On September 26, the entire undergraduate student body received an email from the Office of Alumni Affairs about the upcoming conference “She Roars: Celebrating Women at Princeton,” the second-ever event of its kind. While the three-day conference was geared mostly towards returning alumnae, one event was open to all members of the University community: “A Conversation with Sonia Sotomayor ’76 and Elena Kagan ’81, Associate Justices of the Supreme Court of the United States.” At noon the following day, the email announced, tickets would be available to hear the third and fourth female Justices of the Supreme Court address an audience in Jadwin Gymnasium.
The email was understated: no bold font, no colors, no flyers attached. It listed this event as one of several. Even so, in any situation, it would likely have drawn a big crowd. But by the time tickets went on sale at noon on September 27, Brett Kavanaugh’s hearing had been airing for two hours. Most of the students who had been cueing up all morning for tickets in Frist Campus Center were sitting on the floor, headphones in, watching the testimony on a laptop. Attendance, or a strong show of disappointment when the tickets ran out, felt almost like a civic duty after such a dramatic week in the upper echelons of the United States justice system.
One week later, on October 5, more than a thousand people streamed towards Jadwin starting a full hour before the event. The alumnae who had returned for “She Roars” sat on folding chairs on the gym floor. Students crowded into the bleachers. From this bird’s-eye view, the tables where conference-attendees would eventually dine looked like little Halloween candies in their inevitable black and orange. It was hot there, and the heat compounded with the crowded bleachers added a sporting sort of enthusiasm to the general excitement. People hooted; they were quick to laugh. The Justices often had to wait for clapping to die down before continuing.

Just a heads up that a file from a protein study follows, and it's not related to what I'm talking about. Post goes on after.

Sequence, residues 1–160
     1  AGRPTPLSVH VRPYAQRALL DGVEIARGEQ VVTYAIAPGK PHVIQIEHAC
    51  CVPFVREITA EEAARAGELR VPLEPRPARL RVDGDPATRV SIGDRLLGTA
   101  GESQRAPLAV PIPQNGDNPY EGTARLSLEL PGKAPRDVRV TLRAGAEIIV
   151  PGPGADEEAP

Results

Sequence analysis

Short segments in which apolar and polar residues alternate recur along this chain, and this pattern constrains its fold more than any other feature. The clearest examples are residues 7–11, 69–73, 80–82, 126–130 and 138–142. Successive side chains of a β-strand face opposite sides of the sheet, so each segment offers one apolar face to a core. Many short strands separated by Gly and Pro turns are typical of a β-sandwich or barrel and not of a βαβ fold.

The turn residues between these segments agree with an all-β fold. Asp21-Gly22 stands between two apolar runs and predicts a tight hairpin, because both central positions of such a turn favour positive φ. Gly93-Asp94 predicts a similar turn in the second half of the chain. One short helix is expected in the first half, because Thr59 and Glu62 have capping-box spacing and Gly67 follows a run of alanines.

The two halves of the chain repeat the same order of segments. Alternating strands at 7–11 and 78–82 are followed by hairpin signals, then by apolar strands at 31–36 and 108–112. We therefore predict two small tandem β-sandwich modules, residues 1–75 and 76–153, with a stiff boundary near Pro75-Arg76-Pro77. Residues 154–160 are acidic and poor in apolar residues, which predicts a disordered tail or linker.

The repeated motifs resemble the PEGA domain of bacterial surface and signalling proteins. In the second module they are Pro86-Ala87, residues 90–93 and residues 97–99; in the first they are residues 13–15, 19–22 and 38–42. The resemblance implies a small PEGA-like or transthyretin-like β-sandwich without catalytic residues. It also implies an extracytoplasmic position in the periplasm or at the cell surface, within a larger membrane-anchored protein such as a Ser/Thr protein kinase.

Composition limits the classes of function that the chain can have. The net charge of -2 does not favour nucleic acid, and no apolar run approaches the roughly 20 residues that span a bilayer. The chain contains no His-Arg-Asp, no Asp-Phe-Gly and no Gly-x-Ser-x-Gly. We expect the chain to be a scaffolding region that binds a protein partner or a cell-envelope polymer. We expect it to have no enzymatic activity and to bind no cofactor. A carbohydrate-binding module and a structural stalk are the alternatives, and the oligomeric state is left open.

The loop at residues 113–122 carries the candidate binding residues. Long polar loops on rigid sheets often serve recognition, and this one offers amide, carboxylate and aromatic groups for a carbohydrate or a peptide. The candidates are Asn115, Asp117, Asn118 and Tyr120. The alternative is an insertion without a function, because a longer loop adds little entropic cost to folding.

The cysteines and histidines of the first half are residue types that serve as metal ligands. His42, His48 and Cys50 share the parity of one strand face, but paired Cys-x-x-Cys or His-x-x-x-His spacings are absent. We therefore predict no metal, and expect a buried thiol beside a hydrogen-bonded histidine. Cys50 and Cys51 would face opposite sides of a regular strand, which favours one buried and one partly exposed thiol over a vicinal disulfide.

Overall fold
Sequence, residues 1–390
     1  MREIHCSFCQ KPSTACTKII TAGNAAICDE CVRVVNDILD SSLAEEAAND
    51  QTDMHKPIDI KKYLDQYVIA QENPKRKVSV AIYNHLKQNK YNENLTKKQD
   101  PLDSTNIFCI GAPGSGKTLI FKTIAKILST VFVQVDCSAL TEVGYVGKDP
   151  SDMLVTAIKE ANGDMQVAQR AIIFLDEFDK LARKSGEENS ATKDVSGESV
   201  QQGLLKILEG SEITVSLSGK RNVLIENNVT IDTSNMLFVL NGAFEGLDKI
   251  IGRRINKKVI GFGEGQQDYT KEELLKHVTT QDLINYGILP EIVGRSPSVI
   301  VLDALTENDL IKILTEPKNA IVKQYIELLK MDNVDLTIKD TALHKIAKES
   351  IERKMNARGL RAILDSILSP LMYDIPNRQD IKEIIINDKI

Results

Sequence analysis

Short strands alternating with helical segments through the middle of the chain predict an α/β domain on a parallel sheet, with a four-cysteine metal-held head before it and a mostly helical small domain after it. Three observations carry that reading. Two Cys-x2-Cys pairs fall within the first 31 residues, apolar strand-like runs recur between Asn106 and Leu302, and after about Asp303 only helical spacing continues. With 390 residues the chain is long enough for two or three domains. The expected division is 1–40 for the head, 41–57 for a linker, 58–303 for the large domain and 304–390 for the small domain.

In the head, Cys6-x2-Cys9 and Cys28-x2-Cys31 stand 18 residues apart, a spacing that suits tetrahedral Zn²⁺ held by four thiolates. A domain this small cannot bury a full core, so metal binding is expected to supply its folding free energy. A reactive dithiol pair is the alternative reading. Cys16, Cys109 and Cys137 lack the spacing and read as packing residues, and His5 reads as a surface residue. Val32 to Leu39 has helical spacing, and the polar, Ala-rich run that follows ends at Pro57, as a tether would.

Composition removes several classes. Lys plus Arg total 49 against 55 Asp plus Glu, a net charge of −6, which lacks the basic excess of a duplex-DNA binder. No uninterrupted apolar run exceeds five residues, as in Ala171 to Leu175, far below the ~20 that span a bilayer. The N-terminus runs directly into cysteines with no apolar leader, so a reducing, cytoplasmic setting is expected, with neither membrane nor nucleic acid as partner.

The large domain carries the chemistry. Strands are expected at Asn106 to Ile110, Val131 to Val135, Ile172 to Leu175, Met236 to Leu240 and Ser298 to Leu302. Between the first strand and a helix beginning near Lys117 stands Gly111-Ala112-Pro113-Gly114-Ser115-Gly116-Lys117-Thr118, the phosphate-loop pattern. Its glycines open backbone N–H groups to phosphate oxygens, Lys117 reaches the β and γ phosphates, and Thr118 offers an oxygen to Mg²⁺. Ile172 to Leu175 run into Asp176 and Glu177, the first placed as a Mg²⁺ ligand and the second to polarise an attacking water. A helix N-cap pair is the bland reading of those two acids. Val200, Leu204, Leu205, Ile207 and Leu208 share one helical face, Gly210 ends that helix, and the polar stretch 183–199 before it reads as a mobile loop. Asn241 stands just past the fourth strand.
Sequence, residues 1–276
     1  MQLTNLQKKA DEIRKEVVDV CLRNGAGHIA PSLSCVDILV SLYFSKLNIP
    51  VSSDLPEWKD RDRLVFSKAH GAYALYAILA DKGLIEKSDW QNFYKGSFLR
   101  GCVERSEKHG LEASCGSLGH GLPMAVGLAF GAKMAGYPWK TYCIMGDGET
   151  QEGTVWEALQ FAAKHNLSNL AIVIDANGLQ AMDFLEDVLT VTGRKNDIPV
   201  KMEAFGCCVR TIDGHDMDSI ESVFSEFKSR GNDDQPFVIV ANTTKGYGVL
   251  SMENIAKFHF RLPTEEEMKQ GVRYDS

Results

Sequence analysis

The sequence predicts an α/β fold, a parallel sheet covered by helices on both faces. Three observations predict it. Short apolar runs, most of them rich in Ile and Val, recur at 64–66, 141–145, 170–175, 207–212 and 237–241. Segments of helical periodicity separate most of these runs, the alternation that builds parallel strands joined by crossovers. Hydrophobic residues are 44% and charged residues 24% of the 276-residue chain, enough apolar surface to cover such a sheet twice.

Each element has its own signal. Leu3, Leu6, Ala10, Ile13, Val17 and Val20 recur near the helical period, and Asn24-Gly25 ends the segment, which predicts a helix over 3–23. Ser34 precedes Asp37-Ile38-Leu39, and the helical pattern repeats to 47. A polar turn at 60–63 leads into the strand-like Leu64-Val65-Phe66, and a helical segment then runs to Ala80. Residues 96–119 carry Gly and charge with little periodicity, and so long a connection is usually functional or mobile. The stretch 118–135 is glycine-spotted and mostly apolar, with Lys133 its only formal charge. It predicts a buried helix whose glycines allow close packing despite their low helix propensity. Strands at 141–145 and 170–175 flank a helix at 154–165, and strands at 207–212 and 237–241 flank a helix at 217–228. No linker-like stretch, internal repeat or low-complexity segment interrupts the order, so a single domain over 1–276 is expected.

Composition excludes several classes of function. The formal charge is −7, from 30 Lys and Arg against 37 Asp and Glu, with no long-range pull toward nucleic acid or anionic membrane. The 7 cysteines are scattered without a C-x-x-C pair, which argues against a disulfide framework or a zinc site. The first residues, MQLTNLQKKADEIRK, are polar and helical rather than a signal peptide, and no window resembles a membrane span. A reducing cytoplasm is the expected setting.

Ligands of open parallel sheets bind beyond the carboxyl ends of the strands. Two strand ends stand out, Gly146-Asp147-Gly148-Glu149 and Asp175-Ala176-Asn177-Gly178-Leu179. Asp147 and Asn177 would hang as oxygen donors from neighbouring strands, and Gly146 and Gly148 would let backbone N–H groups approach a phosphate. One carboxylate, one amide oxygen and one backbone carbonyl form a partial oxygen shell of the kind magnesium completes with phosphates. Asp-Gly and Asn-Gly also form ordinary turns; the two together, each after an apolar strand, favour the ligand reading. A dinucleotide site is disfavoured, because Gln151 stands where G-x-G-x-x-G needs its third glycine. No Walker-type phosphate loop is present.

The discussion was moderated by Heather Gerken ’91, the Dean of Yale Law School, who read a series of questions that had been submitted by students and alumnae. She asked why each had chosen Princeton, about mentors they had had, about career paths, about their lives as Justices. Justice Sotomayor was a crowd pleaser. She was had strong ideas that she expressed pithily, proving effortlessly quotable and wholly likable. She was consistently earnest: In another world, she said, she would have been a salsa dancer, but in this one, she had loved being a lawyer and a judge, and now she loves being a Justice. “The law was my dream.” Justice Kagan was more inclined to answer directly. She performed less; she was frank and slightly dry, which was its own, less flashy variety of compelling. Her dream job was to be “Serena Williams, or something.” They complemented each other well, and when they joked about getting C’s on papers at Princeton, they brought the rest of the room into their conversation.
The subject of the hearings from the prior week was not mentioned by name, not by Dean Gerken or by either of the Justices. But Gerken did mention the troubling series of events in general terms: Regarding the events of the past week, “People have trouble even talking to one another,” she said. With such a polarizing issue, “There is a struggle to see things as they really are.” She did not ask a direct question, and the Justices did not give a direct answer, but the conversation briefly pivoted towards an articulation of the dangers of partisanship and a political Supreme Court.
There has been a fair amount of polemic claiming that the Supreme Court has already lost its battle to remain nonpartisan. Garrett Epps, for example, articulated this common trope in his “Requiem for the Supreme Court,” published in the Atlantic on October 7: the court as an independent arbiter of the rule of law “is gone forever. We will spend at least the rest of my lifetime fighting over its rotting corpse. No prating about civility can change that fact. The fight is upon us now and the party that shirks it will be destroyed.” From Sotomayor and Kagan’s responses to Gerken’s prompt, it is clear that neither Justice believes this to be true. I think if asked, both would actually vehemently disagree with Epps. But they did respond to Dean Gerken’s prompt with a plea to avoid going in that dangerous direction.